San Jose to Nosara
Zarcero Travel Blog› entry 4 of 29 › view all entries
January 19th, 1997 – by: jsbuck1
We are in the B&B as planned, but the day did not go quite as foreseen. We were ready to go by 10 this morning, but when we got to the Email place, it had been totally dismantled and they were reconfiguring everything. So they were closed. We left from Santa Ana without a last Email. Going around San Jose, we got completely turned around and found ourselves headed for the airport, Northwest instead of Northeast. Our alternate route was slow and completely unsigned. There were some signs on some streets and some names on the lines on the map, but never for the same road. The compass came in handy. So, a one hour trip turned into a two and a half hour one, but we stayed in good spirits and got to the teleferrico by 2:30.
Except for the proprietor, Ron, who is from Boxboro Mass, and was a little more talkative than we were ready for, it was a very inviting place. It was in a secondary rain forest, with a nature trail down to the Rio Blanco where we stripped off our clothes and took a swim. Their dog came with us and took quite a shine to me. We had dinner there with some of the other guests, one of whom was a painter who had been hired by the tramway to make a painting that would be transferred to silk scarves to be sold at the place. She was quite interesting. The others were mostly interesting as Norte Americanos uncomfortable in the Centro Americano culture.
It began to rain at dinner, and continued through the next day. Our tram ride in a six-person open gondola was preceded by a video talk by the inventor and followed by a trail walk with our guide, Juan Carlos.
The Rain forest
It was as wonderful as a church. The wildlife stayed home but we saw one toucan and many beautiful plants. We rode with a young couple from Canada to whom we had given a ride from the B&B. Norm and Karen, who were on the same wave length as we were about the forest. The four of us stood out in a sea of silver hairs who came on a bus. Dawn spoke Spanish to everyone she could and by the time our tram ride was half way over Juan Carlos was explaining everything in English for us and in Spanish for her.
We spent the next couple of hours driving to a hill town on the continental divide called Zarcero. The roads are good if your expectations are not too high and you keep a constant look out for pot holes.
The country has very little if any European type charm. Those cute little hill towns in Europe are replaced by people who are very open and interested in communicating with us.
When we got to the town about 5 in the evening, there was no hotel to be seen or signs to it, so we did what I am sure we will do again. We drove to a high point in town and looked for it. We saw it but there seemed to be no one there. I asked some people but got no answer that I could understand. Next we went to the Bar/Restaurant Geranios and asked in there. They were busy but they did call the hotel and found that they were lleno, so they pointed around the corner (in a way that you can only do when you are speaking to a foreigner.) We found the hostel and, for $15 plus $2.50 for a locked place for our car, we got a place for the night. (Car theft seems to be the biggest crime in Costa Rica.) We took a walk around the square in a light drizzle. The square was filled with imaginative topiary depicting everything from elephants to helicopters, and then we returned to the restaurant for dinner.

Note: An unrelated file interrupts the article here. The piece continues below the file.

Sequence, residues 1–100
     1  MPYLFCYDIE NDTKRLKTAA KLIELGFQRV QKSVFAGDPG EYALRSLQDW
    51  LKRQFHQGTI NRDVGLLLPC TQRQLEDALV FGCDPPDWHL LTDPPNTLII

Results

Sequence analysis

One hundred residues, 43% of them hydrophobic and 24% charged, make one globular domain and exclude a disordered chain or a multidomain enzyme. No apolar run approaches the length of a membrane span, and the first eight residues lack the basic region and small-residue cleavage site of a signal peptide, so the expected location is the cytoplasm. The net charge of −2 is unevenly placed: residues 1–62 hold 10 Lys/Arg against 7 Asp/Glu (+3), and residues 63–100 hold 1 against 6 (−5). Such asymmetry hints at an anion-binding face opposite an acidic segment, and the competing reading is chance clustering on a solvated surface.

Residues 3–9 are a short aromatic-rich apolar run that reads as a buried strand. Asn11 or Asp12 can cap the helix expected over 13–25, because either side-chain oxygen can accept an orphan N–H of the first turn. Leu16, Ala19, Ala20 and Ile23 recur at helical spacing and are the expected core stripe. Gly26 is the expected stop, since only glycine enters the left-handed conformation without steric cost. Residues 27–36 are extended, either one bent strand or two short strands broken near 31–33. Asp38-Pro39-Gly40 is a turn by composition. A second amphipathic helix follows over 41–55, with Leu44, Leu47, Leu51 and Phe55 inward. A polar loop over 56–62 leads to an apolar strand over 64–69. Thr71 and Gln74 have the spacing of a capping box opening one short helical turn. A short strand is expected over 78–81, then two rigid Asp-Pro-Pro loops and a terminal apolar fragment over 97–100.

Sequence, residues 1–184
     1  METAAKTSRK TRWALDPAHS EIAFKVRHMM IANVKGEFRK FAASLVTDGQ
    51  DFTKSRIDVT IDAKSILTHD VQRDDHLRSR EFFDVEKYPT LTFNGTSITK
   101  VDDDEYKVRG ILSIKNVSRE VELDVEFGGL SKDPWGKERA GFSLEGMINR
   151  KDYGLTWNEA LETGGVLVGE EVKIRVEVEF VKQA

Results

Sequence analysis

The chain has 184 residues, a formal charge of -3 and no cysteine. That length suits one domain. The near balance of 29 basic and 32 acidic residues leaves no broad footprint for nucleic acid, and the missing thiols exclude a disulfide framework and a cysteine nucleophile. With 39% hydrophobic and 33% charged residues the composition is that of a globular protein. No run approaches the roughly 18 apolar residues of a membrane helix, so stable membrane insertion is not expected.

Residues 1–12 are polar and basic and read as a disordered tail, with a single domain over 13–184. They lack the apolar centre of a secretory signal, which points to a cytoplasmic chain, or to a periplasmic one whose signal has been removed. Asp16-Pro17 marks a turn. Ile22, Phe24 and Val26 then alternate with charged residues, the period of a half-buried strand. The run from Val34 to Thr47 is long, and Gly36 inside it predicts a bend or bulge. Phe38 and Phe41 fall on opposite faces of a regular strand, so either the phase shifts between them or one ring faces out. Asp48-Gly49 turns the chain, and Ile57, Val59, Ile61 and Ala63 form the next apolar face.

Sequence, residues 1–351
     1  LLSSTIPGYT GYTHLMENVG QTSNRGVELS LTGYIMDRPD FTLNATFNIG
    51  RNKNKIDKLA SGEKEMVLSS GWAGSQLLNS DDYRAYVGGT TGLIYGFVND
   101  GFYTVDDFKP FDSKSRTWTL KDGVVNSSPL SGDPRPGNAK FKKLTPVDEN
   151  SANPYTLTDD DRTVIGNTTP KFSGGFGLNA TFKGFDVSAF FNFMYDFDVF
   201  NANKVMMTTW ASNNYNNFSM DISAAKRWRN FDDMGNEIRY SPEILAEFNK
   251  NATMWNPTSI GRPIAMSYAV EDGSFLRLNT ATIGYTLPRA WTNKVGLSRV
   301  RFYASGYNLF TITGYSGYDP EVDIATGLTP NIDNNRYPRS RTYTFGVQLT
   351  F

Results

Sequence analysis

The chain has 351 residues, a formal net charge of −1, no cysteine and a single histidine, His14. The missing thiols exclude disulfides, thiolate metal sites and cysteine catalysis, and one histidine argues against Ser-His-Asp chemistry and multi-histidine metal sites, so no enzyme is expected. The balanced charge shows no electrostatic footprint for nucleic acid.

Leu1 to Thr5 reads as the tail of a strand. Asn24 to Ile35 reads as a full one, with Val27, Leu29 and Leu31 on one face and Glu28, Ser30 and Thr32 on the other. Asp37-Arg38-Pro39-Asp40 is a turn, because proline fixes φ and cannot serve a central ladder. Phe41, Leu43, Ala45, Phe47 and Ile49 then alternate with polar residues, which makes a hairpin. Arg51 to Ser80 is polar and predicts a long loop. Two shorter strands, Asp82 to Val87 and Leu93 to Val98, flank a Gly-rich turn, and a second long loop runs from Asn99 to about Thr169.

Dinner is complicated because my digestive tract is quite a bit behind schedule and I want very little to eat beside a salad. We were taken under wing by the waiter whom we refer as El Jefe. We explained our situation and negotiated dinner and finally he said that he understood and that he would talk to the chef and we would like the dinner. We never knew until it came what it would be. The hearts of palm were delicious and the rest also.
The hostel was fine. The view not bad and the bed firm, but coffee was hard to find the next morning, brewed coffee that is.
We did meet the topiary artist and Dawn jumped in to congratulate him on the work, and ask him how long he had been working on it. He said thirty years. (Maybe nearly everyday.) We had not the courage to ask whether he was paid for the work. It was right in front of a rather ordinary church on the outside but wonderfully charming on the inside. Maybe it was for the greater glory.
After waiting around the baño at the hostel for a while we launched ourselves again toward Arenal, one of the world's most active volcanoes. We are now hanging out in an inn/motel above the lake, thinking that if the clouds lift we will see lava and sparks and whatever. It is a great place to write. Alas, it is now raining.
We picked up a hitch hiker, Enrique, three times today. He was walking from Santa Ana to Teleran, about a three hour car trip. We never did get the whole story but it was fun to try. Somehow we both thought he was going home for a funeral, but no he was just leaving the church where he had been working. We kept stopping to look at hotels and saying good-bye and then after moving on, finding him at impossible distances ahead. We passed what I think was a coati mundi on the highway and he had us stop and he lured him almost back through the bushes for a photo. He had many things to say about the hotels, but he spoke very fast. We did correct his English pronunciation of the word "cow."
Tomorrow, if the weather does not improve, we head for the Nicoya Peninsula to see Ruth and Ed. We are realizing that we will have to plan the rest of our stay to be in one place longer to keep the traveling part to less of the total, so we can write and study Spanish some more and just be.
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